Choosing and moving in
Mel Cooke, Gleaner Writer
Moving into Harbour View was not only a major step for the new homeowners; it was also a matter of making a new community out of a collection of dwellings.
The five original 'Harbour Viewites' The Sunday Gleaner spoke with had different stories to tell about buying the parcel of land they have made home for 50 years.
Victor Thompson did not choose his lot (there were lot numbers before street names and these still appear on property tax bills), while Beryl Urquahart says her husband was adamant that they did not want a corner lot, which would attract people who just wanted to hang out.
Joy Roberts adds that most of the corner lots were owned by Chinese people.
Ivy Hamilton had a scare. At first, she had her heart set on Pembroke Hall, in Kingston 20, but changed to Harbour View when she heard that the houses were being built.
She applied and was given a Monday date to choose a lot. The preceding Friday, she went to Coronation Market and: "I heard people all around me talking about it. They said you can't find space to put a pin (to select a lot) at the office."
She was confident in the authority of her letter, but when she went to the office on Monday, all the lots had been taken.
"They said they don't know what will happen. About two weeks later, the same man said you can come again, because half the people (who had selected Harbour View lots) did not qualify." She did not want a corner lot either.
Mercella Vassell had not heard about Harbour View at all, but the headmaster at the school where she taught called her and said, "I have five children, you have five children." He had selected a lot, but had found somewhere else.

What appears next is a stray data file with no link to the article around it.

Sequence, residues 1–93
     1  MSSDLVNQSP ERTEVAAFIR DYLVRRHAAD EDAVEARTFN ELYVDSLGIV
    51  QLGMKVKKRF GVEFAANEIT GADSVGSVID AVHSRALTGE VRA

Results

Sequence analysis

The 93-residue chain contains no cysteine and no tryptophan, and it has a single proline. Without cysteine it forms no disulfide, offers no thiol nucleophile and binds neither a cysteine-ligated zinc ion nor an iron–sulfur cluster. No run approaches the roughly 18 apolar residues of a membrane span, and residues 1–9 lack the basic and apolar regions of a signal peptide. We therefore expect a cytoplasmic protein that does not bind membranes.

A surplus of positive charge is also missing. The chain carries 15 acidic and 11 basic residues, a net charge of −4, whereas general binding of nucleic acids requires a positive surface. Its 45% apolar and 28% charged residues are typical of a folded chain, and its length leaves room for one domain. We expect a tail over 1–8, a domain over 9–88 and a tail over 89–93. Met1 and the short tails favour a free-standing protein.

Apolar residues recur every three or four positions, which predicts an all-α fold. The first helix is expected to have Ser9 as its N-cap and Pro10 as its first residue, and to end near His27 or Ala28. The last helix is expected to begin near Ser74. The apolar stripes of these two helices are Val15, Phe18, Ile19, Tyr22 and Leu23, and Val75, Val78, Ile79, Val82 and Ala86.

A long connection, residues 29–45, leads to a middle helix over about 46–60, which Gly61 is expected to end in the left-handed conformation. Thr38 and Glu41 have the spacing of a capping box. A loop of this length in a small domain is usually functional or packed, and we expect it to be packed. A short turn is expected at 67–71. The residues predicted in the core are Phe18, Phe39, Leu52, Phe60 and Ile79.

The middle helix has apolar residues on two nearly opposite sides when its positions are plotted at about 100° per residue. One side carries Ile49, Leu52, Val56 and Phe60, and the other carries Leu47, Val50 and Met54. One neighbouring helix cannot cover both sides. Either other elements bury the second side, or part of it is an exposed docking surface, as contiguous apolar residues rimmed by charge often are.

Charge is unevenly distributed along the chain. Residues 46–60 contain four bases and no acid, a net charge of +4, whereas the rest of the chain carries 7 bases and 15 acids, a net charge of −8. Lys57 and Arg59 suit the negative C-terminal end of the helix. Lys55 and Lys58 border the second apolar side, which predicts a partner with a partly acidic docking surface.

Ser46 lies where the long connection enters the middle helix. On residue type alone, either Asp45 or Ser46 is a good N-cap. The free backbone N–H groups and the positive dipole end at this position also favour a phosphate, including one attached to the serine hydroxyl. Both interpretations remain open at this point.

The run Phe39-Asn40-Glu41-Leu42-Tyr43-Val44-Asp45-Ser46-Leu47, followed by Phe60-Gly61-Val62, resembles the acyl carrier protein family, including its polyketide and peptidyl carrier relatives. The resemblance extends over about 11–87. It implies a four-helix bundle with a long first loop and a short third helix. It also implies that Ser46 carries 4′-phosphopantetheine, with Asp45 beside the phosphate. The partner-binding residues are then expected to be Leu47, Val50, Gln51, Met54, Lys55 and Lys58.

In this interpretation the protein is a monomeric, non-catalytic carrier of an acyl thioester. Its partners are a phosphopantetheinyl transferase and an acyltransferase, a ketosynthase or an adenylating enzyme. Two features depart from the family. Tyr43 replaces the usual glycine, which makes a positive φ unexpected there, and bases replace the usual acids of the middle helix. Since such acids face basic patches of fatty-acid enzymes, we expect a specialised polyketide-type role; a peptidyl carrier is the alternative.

After enquiring if there was enough money to acquire the house and getting confirmation: "He handed me the papers. When I came, there were three lots left."
Urquahart says initially, there were negative comments about Harbour View, and Thompson accedes that "it look like fowl coop at first when it was just the frame".
However, a model house was completed and furnished on what is now Reel Avenue, and that changed the perception tremendously.
Joy Roberts had been on her way to look at Pembroke Hall when it started raining and she could not pass a bridge. Not only that, a friend announced, "Yuh mad! Pembroke Hall wash out!" So Harbour View it was.
Roberts laughs as she says before moving into Harbour View many of the new homeowners did not have much furniture, as they were leaving smaller spaces. So there was an echo in the house, with not much to absorb the sound.
Then, "My husband made our first TV, but we had no sound. But our neighbour had got a TV and she opened the window wide, so we watched our TV and listened to hers."
There was another spin-off from the space as well. Roberts says that her son 'Ricky' was creeping when he was taken to the house.
"He looked around and it was like 'space!'. He held on to the wall and walked. The first day we ever came to Harbour View Ricky walked. But I will always remember the echo," she said.
Mixing up houses
With the new houses all looking alike, there were mix-ups. Hamilton says, "One night, my cousin and I were in the kitchen and I see a man come in with a bunch of banana. I said, 'Where you going?'. Him say, 'Wait, is not here I live?'"
Thompson declares that he could not miss his house, as he went to the site every day and watched it go up from the foundation to completion.
When Harbour View was built, the area had absolutely no plants ("not even one tree") and the houses did not have fences.
The heat was definitely on and Thompson remembers using roof compound on the slab roof to help cool the house down.
And Roberts says, "The first thing we did was plant trees." Plus, the water was coming from a well and, as it was brackish, many persons carried water home from their workplaces in Kingston.
There was some sewerage work after the scheme was finished. Urquahart says the houses were built with soakaway pits and, "it was when they filled up and started giving problems they put in the sewerage system".
Milk, bread and The Gleaner were delivered directly to residents. "If you were not there, they would put it down for you and nobody would trouble it," Vassell said.